Now, it is true that the Mac survived as a niche specialist PC for the creative arts like graphical design and advertising, but the Mac has 4% market share of all personal computers sold today. That has been its level of PC market share - for 10 years. It did not win the PC race, by ANY measure. The Mac was so badly unprofitable before the iPod, iTunes, iPhone and iPad came along, that many thought Apple would go bankrupt in the 1990s. Making losses for years. That is not winning. Now that Apple branched out to other businesses where it could establish a leadership position, it has returned to high profits.

Then you suggest Apple is 2 years ahead of Android. That is patently false. Please look at latest data from the major industry analysts who report on actual Q2 unit sales of smartphones and their market shares. Already two of them have reported - Canalys and IDC - both have Android already ahead of the iPhone. Globally, selling more than the iPhone. There is no lead for the iPhone to exploit for 2 years. They have already fallen behind - and today's level of Android sales - 200,000 units per day, vs Apple at 92,000 units per day - means Android is running away with its lead.

We do agree about Nokia level prices. That would be suicidal for Apple and it could not win that race for the cheap phones. Also that was not what I suggested in my blog. Obviously I said the typical mid-range smartphone - according to Morgan Stanley - costs 350 dollars. That is roughly the level - a bit under the mid point at 300 dollars - where I argue Apple comes in, not at the 61 dollars of Nokia basic dumbphones. (incidentially, Nokia's smartphones average about 200 dollars per handset)

You claim Apple 'have hurt RIM' and you site some bizarre UK government and school statistics. Wow. What has that got to do with anything? For every SINGLE quarter than the iPhone has existed, RIM has GROWN smartphone unit sales globally. Every single quarter. Most of those quarters, RIM has grown market share. Since the iPhone launched, it has seen three 'cycles' of growth - AND decline. So RIM grows when Apple grows, and RIM grows when Apple declines. There is no linkage. If there was, then RIM should decline when Apple grows, and grow when Apple declines. No, no linkage whatsover.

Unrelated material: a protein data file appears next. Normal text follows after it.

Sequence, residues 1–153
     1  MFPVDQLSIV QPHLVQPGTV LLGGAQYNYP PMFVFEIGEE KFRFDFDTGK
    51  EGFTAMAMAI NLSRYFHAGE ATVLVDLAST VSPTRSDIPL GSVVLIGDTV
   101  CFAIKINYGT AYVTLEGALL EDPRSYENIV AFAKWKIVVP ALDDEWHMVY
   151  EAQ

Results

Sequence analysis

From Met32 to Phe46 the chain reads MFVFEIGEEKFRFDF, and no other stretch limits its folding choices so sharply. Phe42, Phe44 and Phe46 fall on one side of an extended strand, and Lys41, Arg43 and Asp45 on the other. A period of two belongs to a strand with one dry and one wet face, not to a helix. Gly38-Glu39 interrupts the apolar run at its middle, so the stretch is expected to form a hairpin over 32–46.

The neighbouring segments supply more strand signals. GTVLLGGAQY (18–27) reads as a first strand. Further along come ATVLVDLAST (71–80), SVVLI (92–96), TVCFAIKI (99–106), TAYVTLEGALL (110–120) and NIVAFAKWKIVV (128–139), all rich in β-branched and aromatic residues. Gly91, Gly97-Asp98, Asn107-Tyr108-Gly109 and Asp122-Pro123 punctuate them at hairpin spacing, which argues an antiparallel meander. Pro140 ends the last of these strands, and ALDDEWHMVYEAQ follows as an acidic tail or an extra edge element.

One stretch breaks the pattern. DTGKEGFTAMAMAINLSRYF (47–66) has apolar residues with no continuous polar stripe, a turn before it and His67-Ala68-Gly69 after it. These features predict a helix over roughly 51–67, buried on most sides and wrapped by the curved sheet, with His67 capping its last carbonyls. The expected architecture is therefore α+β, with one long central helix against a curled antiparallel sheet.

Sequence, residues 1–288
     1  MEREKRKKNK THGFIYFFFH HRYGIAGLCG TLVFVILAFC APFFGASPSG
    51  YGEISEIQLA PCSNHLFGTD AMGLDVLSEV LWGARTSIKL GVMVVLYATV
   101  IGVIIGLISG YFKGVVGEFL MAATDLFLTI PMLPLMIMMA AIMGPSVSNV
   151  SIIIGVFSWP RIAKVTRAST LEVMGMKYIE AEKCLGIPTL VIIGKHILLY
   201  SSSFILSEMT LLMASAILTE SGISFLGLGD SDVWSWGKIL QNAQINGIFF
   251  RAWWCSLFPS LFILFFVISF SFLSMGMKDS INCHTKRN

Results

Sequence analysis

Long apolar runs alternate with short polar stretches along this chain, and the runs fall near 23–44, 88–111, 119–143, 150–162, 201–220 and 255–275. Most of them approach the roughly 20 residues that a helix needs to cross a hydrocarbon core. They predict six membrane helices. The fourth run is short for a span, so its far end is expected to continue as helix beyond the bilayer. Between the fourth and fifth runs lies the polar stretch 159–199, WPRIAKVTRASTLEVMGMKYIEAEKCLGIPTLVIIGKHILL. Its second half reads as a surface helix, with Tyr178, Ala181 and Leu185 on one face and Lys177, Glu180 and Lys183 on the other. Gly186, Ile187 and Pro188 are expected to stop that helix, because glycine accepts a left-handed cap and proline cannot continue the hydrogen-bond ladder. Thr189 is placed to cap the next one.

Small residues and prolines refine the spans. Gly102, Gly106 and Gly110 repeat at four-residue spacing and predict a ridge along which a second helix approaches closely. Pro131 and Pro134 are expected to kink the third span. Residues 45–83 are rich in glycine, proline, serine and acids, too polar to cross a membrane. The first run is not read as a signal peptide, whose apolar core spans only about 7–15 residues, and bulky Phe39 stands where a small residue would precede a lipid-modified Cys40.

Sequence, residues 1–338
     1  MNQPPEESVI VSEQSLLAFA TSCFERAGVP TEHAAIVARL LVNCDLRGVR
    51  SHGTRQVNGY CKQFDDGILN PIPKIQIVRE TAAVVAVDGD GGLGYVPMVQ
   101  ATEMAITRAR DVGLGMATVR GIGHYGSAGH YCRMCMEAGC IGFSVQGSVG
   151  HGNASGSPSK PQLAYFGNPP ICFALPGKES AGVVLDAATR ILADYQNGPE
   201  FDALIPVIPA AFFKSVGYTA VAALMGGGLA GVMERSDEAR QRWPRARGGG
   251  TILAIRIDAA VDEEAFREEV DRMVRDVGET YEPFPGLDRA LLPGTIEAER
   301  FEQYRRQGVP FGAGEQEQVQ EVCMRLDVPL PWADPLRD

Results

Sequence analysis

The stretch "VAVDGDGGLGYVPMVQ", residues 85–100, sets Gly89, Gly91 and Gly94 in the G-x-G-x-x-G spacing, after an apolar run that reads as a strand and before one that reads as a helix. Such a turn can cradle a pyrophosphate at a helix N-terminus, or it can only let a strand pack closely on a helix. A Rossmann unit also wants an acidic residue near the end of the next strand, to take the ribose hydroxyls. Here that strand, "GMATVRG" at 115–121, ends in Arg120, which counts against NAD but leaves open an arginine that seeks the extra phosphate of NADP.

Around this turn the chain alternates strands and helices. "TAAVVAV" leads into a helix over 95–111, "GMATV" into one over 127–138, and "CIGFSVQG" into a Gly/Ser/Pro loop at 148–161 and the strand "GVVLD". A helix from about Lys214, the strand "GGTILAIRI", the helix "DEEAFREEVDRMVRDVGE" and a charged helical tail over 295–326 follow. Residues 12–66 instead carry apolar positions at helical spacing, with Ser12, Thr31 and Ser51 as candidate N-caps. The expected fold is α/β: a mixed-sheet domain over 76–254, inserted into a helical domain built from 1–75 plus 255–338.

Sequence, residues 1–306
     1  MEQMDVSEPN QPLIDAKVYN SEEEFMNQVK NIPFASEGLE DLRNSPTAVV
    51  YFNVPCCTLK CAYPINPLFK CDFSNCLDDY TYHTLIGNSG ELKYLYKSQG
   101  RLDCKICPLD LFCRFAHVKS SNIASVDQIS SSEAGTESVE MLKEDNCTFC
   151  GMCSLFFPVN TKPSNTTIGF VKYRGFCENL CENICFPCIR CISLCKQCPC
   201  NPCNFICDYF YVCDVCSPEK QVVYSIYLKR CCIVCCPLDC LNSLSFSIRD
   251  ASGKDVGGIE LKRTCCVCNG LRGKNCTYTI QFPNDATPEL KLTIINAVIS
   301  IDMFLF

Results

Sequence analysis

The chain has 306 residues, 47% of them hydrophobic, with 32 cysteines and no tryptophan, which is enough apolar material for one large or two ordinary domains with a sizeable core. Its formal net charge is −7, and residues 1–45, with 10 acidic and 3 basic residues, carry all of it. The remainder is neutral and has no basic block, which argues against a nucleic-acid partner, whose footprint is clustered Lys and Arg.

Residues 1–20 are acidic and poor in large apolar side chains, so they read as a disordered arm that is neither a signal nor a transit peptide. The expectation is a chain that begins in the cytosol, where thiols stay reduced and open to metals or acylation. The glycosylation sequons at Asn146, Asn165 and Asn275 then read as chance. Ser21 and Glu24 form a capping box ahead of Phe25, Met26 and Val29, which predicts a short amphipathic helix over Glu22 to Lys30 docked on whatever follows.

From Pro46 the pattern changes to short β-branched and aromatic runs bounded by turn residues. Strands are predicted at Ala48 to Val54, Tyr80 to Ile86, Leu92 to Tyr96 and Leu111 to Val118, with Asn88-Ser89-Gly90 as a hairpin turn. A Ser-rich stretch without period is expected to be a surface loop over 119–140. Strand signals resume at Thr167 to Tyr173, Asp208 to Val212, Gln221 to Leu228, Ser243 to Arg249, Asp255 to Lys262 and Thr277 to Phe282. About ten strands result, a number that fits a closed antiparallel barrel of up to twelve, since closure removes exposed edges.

But the absolute concrete proof is the past 12 months. Since Apple's iPhone peak in Q3 of last year, the iPhone has seen unit sales stall, and turn into decline. Apple's market share has declined every single quarter. RIM's unit sales have kept growing while their market share has been level. So again, there is no proof Apple took share from RIM - if Apple declined over the past 12 months and RIM grew - every quarter - then the truth is the opposite - RIM has taken smartphone sales FROM Apple !n This inspite of what the UK universities might be doing now, haha.

Then you say the battle for the iPhone via the iOs 'is not about market share, its all about the carriers'. You Matt seem to think that Apple can win a war against the carriers/mobile operators. You may think so, but that is a naive view of mobile telecoms. The carriers have a license - a license - to use the rare natural resource of radio spectrum, within a given country or region - and make a business out of it. That spectrum utilization license is governed by 20 year contracts. The carriers pay dearly for those licenses, in effect subsidising our taxes with them. There is no technical way to get around them and no legal way to terminate the carriers before the license runs out, barring criminal behavior by the carriers. Apple has no chance whatsoever of bypassing the carriers. Look at Google with Nexus One or Nokia with the N97 in the USA (or Microsoft's Kin for that matter). Once the carrier decides not to carry your phone (Nexus One, N97) or not to support it with marketing (Kin pricing) - you as the handset maker are out of the game. Out of it.